Locum doctors are often placed in a very challenging position. Whether in a GP setting or in a hospital, the unique demands of their role means they have to have stronger and more confident communication and decision-making skills than their permanent counterparts.
Although this can be simple when a patients comes in with a sprained finger or a knock to their head, it can be much more complicated when someone has a long-term health problem. Locums are not able to get to know a patient for a certain amount of time before making a diagnosis, and often have to rely heavily on their own judgement, experience and skills to ensure the patient gets the best and most well-suited care possible.
A new clinical report has highlighted one group of patients that locum doctors are likely to be faced with over the next few years. Being diagnosed with COPD (chronic obstructive pulmonary disease) can significantly change a person's quality of life, and it's important that the right treatment options are delivered to patients.
According to the National COPD Audit Programme, the mortality rates have significantly decreased from 7.8 per cent in 2008 to 4.3 per cent in 2014. There has also been an encouraging rise in the number of patients being able to be discharged from hospital sooner because of collaboration with early/supported discharge schemes, rising from 18 per cent to 40 per cent across the same period.
However, the research showed that the quality of care significantly increased when patients were seen by a specialist. Many patients were managed on non-respiratory wards and some were discharged without communication with respiratory specialists. Care at the weekends was also an issue highlighted by the report, with the number of patients being seen by specialists dropping significantly at the weekend.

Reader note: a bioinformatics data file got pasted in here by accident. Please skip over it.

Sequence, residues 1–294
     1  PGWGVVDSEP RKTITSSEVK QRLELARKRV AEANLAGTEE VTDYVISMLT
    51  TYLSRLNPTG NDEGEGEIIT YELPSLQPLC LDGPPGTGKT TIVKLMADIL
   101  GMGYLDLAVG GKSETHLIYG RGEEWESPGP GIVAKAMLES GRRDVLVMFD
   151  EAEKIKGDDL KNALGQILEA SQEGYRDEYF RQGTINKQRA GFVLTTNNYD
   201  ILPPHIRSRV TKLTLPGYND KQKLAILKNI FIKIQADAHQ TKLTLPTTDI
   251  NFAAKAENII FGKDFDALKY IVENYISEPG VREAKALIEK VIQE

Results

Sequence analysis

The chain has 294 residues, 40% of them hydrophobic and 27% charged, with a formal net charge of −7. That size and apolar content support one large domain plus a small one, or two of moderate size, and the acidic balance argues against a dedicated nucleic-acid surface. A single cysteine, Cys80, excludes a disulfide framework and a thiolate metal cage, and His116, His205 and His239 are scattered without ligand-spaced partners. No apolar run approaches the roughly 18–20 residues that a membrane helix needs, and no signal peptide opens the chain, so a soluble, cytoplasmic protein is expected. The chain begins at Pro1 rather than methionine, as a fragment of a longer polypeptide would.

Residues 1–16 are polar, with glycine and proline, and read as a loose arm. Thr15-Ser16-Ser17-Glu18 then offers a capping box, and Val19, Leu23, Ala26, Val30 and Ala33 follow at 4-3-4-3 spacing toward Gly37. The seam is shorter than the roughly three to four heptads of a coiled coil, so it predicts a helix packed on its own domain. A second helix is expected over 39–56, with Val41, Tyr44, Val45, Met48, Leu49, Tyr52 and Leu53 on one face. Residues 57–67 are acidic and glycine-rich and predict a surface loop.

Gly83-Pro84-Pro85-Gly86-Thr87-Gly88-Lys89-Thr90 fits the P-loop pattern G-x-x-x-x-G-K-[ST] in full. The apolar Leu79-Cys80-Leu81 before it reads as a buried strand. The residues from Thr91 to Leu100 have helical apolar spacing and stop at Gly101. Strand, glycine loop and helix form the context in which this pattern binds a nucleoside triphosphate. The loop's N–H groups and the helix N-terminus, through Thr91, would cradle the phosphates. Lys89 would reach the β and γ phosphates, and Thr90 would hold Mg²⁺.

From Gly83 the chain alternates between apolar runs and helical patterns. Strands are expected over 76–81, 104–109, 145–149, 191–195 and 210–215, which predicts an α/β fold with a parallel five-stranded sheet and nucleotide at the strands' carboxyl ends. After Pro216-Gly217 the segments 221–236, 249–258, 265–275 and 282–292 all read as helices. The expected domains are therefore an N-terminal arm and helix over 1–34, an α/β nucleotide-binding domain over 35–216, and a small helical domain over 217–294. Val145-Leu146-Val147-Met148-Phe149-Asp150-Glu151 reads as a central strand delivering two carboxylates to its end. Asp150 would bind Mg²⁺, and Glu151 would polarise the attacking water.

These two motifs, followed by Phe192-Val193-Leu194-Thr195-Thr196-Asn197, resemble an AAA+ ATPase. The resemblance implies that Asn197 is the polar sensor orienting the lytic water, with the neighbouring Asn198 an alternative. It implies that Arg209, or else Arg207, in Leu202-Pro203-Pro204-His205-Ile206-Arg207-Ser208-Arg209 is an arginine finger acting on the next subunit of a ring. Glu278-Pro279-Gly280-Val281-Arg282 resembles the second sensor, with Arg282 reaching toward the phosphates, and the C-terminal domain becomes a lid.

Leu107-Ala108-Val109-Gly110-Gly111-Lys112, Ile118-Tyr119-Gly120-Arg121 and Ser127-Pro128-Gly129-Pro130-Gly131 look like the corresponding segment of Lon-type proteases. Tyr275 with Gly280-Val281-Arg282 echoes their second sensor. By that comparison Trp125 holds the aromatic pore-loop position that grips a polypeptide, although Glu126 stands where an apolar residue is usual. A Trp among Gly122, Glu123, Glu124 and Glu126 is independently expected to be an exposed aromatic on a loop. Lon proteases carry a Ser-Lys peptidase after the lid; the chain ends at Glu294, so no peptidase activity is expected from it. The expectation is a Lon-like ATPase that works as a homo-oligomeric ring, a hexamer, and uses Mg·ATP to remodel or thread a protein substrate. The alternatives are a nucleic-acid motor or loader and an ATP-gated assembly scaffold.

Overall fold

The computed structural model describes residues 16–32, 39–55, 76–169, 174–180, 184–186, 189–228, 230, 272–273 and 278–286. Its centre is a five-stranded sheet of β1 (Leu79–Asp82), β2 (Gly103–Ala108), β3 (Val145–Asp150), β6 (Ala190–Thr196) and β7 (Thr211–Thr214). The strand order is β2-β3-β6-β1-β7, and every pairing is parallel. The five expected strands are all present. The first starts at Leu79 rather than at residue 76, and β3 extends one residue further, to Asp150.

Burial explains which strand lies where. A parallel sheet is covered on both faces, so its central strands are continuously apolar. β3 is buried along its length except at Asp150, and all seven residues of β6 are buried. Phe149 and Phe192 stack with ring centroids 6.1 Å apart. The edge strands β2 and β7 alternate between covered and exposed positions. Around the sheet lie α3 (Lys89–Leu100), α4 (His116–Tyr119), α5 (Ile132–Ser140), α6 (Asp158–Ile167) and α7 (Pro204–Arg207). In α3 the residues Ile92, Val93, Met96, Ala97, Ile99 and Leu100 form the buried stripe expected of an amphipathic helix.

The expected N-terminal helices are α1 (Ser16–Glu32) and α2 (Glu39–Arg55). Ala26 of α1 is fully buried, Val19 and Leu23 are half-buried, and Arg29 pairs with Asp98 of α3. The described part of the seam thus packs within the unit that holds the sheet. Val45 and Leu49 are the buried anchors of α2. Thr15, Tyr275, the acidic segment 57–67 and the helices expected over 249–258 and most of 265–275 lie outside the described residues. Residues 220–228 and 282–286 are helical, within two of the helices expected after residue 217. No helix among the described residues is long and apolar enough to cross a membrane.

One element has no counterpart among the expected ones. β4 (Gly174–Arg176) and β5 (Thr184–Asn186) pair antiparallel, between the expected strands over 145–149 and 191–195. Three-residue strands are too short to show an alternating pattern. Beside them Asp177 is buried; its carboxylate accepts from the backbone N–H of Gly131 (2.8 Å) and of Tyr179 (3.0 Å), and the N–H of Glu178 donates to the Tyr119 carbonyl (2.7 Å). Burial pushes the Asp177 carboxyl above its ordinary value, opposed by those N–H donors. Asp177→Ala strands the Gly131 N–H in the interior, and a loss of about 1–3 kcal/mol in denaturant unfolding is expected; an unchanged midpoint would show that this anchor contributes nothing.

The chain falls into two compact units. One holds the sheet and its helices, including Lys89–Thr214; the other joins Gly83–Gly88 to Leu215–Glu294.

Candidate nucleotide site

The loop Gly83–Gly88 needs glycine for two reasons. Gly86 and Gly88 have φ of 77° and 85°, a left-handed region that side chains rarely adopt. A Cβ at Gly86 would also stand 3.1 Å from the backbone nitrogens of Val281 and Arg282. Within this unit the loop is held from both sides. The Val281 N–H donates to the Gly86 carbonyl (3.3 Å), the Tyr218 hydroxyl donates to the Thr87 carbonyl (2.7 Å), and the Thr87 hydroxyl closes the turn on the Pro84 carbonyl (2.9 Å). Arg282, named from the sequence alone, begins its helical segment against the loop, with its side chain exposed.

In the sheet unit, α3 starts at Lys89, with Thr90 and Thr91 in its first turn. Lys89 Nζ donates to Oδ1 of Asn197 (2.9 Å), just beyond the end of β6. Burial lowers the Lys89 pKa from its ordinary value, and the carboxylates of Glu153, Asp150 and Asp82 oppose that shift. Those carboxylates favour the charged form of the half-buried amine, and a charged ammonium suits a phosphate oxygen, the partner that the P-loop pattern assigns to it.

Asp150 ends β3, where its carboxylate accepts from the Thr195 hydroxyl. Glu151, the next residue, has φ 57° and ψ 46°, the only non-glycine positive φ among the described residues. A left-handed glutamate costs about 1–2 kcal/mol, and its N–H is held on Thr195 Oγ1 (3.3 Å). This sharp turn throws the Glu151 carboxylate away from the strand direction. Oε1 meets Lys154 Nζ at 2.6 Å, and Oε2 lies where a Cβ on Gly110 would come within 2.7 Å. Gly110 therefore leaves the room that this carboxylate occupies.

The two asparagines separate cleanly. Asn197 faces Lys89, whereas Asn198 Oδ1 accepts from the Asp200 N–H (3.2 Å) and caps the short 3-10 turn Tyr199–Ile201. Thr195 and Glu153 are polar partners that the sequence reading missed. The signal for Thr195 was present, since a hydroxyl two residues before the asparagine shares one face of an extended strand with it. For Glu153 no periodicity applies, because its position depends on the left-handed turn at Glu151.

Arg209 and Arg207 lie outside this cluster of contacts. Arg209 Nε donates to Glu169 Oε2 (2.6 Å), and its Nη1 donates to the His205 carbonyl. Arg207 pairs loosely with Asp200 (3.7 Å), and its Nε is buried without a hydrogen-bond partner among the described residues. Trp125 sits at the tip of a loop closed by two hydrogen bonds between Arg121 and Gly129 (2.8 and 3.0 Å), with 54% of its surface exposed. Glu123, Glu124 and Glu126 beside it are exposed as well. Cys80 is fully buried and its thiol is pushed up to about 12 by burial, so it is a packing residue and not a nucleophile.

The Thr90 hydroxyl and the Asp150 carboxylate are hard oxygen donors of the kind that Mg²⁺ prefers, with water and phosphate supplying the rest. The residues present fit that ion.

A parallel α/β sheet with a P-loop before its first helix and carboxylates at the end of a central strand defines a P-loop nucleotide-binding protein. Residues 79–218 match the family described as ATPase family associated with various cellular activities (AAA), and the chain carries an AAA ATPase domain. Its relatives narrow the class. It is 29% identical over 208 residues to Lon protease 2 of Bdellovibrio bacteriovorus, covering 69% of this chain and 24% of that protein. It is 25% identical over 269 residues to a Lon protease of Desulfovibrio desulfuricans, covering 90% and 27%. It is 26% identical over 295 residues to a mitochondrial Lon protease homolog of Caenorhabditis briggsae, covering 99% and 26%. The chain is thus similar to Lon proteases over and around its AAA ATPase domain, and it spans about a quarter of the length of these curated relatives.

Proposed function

Bolster weekend workforces
With the report suggesting there is a significant drop in care for COPD patients at weekends, locums are ideally placed to help address this need. Locum doctors can help ensure there is no drop in the level of care that patients receive. Although specialists are advantageous, agency workers of all different disciplines can help alleviate this demand and ensure that patients get the time and investment from staff they need.
Take in the bigger picture
With smoking being the leading cause of COPD, it's essential that patients feel they have all the tools and resources necessary to change their lifestyle if they haven't already. Many patients may worry about being judged or looked down upon by their doctor, but this offers locums a useful advantage. Whether in a practice or hospital, locum doctors offer the chance for a fresh start. It may be that they haven't got on well with their previous doctor or feel obliged to lie about their habits to them. Locums are not privy to any of this information, meaning they can make a positive impact on patients. Using their comprehensive communication skills, agency workers can engage with people on a level that their regular doctor may not have been able to.
By removing the complications that come from a long-established relationship, locum doctors can deliver a high level of care to patients.
Utilising other skills
The advantage of using locum staff is that you can quickly access people with a different skill set from that of the current workforce. In terms of patients with COPD, it may be a matter of addressing other issues that might be more in the remit of an occupational therapist or social care worker.
For more information about COPD please visit the BLF website here.
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